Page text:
In order to protect the interests of the taxpayers of the City of Amsterdam, I am objecting on this date, June 8th, 2015, to the following modifications to the proposed budget contained in the adoption resolution #14/15-241.

noIn general, the budget I proposed contained accurate and realistic estimates of revenues and expenses. It is unfortunate that the Common Council has decided to forgo the city ambulance proposal and thereby increase the tax burden on our property owners. In-house ambulance services have been proven beneficial to municipalities across the state in the way of hundreds of thousands of dollars in new revenue unrelated to property taxes or utility fees.

The modifications made by the Common Council substantially underestimate expenses for the city’s health insurance program and numerous other areas. The problem with doing this is that the “cuts” are not real; the costs that many of these items estimate are not entirely under the control of the city. The net result will be a significant deficit across all operating funds at the end of the fiscal year, while simultaneously damaging the ability of city staff to provide services.

I would object to all of these modifications if I had the votes to support my objections. Instead, I will only object to certain items that will lessen the negative financial impact of this budget in the hope that the Common Council will reconsider its actions. These objections are also constrained by the various tax caps.

OBJECTIONS:
1. Item 37 – Remove an additional $100,000 from the health insurance appropriation.
Removal of this modification will reduce the amount of the year-end deficit that will be caused by the underestimating of this expense. Again, this harkens to my prior veto of Resolution 240 citing the “practice of the County Board of Supervisors that earned negative comments during a recent audit. The OSC noted that the supervisors had adopted budgets that were structurally unsound, “The County’s declining financial condition is the result of poor budgeting and financial management practices, and the board’s failure to develop and use long-term financial plans“.” I reiterate, we should not make the same mistake here.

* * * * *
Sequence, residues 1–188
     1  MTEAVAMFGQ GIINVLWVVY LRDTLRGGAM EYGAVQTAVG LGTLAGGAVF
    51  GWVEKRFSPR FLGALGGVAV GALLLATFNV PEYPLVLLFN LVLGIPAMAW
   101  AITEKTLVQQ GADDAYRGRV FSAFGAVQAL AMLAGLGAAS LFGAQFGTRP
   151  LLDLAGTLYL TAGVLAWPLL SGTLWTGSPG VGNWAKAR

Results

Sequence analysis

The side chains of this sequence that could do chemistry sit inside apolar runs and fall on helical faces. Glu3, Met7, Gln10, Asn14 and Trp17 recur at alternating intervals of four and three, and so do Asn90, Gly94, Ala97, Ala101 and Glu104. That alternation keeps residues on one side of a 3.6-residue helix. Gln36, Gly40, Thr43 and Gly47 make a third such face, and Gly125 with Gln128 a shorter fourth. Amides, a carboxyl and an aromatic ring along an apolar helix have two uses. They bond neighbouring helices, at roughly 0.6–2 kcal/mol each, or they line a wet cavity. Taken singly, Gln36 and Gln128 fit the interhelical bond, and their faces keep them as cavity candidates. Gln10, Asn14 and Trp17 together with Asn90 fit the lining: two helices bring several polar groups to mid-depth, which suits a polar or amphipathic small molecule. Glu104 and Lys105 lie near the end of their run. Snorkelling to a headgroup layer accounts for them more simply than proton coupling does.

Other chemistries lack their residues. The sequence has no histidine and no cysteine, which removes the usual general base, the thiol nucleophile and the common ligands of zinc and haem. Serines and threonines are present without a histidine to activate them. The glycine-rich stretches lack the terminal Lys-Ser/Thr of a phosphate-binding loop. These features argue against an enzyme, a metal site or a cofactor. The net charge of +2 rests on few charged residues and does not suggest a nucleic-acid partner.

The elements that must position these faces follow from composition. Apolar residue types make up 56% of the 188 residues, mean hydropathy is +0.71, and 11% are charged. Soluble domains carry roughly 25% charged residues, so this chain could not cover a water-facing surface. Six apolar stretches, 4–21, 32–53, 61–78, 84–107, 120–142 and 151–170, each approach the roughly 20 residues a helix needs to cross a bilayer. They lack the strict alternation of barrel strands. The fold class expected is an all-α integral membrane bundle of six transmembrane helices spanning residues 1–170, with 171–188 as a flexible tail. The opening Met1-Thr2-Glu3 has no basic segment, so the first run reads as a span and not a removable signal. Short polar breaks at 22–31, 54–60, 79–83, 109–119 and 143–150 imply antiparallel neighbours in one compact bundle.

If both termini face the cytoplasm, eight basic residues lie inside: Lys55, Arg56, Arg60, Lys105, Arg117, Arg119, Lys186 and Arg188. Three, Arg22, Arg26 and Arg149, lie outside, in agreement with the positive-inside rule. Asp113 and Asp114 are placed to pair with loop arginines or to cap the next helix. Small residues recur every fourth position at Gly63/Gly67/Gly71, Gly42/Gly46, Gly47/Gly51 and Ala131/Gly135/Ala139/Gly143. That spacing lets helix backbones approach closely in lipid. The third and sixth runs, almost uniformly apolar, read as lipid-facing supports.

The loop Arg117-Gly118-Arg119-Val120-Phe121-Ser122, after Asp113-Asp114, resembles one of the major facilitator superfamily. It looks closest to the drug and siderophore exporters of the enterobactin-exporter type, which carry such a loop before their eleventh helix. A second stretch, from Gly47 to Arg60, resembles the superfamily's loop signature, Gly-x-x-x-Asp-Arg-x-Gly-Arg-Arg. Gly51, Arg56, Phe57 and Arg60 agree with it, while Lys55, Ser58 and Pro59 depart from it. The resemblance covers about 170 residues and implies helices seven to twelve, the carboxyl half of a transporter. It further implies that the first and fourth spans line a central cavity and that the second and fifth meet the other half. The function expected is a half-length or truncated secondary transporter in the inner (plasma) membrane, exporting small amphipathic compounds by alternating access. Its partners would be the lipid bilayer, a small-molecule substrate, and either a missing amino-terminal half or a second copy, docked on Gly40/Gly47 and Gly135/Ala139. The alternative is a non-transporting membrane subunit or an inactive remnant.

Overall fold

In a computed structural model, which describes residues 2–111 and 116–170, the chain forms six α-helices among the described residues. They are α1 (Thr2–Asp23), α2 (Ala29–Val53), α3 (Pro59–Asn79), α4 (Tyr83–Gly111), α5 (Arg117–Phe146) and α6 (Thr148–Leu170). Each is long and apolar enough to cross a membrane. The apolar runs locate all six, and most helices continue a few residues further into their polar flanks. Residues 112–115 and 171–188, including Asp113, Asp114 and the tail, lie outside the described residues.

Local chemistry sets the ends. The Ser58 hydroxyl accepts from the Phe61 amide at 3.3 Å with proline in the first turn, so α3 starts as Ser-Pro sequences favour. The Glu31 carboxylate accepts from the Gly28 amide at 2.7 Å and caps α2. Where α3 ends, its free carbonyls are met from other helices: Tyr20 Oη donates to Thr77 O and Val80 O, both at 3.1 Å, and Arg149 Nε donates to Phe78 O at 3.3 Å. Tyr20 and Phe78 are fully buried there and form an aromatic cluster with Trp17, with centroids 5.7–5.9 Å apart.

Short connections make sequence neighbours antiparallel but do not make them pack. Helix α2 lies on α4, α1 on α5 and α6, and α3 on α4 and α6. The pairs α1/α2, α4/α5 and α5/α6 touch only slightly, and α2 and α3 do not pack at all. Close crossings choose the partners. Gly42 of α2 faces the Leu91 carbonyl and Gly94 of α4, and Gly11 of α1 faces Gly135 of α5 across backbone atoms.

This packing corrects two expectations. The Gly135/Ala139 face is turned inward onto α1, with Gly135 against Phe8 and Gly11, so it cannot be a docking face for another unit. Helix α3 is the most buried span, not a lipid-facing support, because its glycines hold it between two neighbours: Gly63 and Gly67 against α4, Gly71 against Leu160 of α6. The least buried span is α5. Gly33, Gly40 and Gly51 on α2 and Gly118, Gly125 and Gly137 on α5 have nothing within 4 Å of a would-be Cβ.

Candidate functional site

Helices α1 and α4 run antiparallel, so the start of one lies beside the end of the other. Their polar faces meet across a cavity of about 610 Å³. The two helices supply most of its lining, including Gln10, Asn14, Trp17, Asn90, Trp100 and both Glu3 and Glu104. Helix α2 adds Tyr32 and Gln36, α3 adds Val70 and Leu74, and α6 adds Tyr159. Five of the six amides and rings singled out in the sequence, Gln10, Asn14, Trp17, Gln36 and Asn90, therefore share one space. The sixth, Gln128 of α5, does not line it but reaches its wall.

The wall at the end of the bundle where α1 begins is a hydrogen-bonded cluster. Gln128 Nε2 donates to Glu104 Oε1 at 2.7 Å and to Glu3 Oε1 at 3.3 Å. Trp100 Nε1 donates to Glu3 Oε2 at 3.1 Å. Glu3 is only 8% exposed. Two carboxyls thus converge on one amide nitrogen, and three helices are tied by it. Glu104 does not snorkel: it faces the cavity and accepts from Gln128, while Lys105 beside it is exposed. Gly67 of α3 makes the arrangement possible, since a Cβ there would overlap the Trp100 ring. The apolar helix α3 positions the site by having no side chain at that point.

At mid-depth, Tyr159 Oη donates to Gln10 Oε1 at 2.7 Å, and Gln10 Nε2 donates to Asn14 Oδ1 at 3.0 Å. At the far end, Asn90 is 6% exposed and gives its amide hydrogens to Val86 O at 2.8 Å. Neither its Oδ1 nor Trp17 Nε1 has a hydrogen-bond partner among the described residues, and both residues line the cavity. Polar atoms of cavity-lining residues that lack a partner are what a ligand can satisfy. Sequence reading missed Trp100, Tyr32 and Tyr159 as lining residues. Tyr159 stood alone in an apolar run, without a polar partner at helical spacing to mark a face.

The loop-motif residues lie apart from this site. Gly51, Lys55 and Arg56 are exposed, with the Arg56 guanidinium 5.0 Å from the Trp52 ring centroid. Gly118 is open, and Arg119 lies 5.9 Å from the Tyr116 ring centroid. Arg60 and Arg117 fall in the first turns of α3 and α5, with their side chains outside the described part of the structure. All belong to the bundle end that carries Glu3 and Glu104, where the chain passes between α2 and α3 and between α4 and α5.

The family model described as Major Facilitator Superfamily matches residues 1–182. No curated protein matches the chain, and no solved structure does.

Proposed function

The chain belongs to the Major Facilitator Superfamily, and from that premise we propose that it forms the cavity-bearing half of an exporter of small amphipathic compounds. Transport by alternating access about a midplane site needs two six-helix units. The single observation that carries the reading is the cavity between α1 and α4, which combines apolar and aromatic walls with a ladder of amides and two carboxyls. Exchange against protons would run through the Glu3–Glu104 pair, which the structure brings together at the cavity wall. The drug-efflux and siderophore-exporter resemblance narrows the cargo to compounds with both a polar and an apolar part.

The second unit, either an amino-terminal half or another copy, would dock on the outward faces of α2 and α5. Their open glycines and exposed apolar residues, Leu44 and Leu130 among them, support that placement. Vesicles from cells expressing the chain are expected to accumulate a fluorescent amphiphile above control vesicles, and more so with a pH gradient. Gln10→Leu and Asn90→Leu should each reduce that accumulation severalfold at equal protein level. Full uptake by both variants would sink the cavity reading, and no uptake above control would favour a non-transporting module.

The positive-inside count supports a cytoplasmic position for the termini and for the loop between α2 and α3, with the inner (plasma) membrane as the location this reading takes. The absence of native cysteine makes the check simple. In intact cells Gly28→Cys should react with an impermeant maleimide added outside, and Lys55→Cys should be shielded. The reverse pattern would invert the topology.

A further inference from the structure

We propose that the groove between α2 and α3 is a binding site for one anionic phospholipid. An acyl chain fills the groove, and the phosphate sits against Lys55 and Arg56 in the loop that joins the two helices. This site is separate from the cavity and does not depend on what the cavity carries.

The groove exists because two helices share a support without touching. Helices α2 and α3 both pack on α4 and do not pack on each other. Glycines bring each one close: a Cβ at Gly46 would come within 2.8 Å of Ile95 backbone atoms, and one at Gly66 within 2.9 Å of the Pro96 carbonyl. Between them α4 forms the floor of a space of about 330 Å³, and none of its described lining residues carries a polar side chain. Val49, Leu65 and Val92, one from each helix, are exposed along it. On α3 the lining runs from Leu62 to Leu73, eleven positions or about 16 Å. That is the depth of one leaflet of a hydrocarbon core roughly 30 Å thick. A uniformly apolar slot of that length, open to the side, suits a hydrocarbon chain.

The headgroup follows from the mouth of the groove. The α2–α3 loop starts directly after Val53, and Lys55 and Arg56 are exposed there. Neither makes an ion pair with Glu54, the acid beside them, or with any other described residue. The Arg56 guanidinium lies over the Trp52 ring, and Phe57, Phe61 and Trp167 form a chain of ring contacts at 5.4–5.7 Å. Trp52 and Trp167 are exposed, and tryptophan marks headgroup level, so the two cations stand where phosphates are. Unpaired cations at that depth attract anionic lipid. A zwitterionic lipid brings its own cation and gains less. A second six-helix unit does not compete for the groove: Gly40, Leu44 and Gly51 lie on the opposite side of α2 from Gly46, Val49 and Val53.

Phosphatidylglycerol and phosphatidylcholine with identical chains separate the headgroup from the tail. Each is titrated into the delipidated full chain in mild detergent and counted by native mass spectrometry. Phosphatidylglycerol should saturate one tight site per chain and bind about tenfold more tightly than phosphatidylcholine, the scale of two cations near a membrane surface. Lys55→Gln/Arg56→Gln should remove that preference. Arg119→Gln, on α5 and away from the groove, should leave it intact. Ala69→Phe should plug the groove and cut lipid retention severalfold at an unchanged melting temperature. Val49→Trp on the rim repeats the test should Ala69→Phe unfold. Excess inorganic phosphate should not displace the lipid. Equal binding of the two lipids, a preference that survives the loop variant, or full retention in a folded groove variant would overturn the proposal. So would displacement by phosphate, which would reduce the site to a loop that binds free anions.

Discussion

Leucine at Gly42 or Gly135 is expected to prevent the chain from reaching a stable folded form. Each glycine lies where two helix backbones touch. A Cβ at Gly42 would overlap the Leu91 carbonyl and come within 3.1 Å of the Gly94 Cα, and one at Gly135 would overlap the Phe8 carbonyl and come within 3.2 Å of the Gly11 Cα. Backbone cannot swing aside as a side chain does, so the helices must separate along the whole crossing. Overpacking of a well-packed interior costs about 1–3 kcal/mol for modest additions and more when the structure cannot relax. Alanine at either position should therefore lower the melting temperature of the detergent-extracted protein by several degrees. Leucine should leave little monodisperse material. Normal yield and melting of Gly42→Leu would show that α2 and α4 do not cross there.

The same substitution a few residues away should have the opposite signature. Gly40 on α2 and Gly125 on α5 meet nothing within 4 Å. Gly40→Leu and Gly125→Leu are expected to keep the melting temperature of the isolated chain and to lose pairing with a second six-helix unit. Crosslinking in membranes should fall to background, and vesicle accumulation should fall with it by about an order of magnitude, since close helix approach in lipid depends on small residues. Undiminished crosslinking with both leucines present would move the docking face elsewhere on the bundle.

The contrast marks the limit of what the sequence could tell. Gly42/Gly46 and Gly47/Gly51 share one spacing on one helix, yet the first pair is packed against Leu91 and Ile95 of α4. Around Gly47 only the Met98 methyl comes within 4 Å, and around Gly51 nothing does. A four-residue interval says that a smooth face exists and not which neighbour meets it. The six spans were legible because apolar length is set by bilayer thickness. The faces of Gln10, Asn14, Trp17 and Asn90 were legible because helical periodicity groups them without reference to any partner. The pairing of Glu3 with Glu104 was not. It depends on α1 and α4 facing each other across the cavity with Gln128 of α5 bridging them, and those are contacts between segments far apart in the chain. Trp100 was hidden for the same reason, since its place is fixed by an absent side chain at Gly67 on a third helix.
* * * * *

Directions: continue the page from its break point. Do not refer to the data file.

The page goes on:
2. The amendment to increase the transfer from the Water Fund to the General Fund by $40,000 sponsored by Alderman Barone.
Removal of this amendment will prevent the loss of taxing power under the 2% annual tax cap. Retaining flexibility under this cap is important, as it will allow future administrations to more easily comply with the state-mandated cap and secure the associated compliance checks for our residents. It is particularly concerning that this action was taken so swiftly, without proper justification, analysis or thought, after lengthy discussion about the negative impact the loss of taxing power has on our taxpayers. Please refer to the OSC citation in reference to Item 37.

3. Item 27 – Reduce Mayor’s Marketing Lines by $30,000.
The funds expended under this line will help promote the soon-to-be completed Mohawk Valley Gateway Overlook, update the City’s website, and otherwise improve the image of the City of Amsterdam. It is necessary to adequately market the positive aspects of our community to change undesirable perceptions about our municipality. Ultimately, this will increase outside investment in the City and alleviate many of the stresses cause by the current climate of disinvestment in real property. Failure to fund these efforts is shortsighted and detrimental to the future of the City.

It is my hope that the Council will recognize my restraint in crafting this veto and that they will concede these few points to better serve our taxpayers.

In light of the aforementioned points, I hereby veto this budget resolution.

Mayor Ann M. Thane

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News_No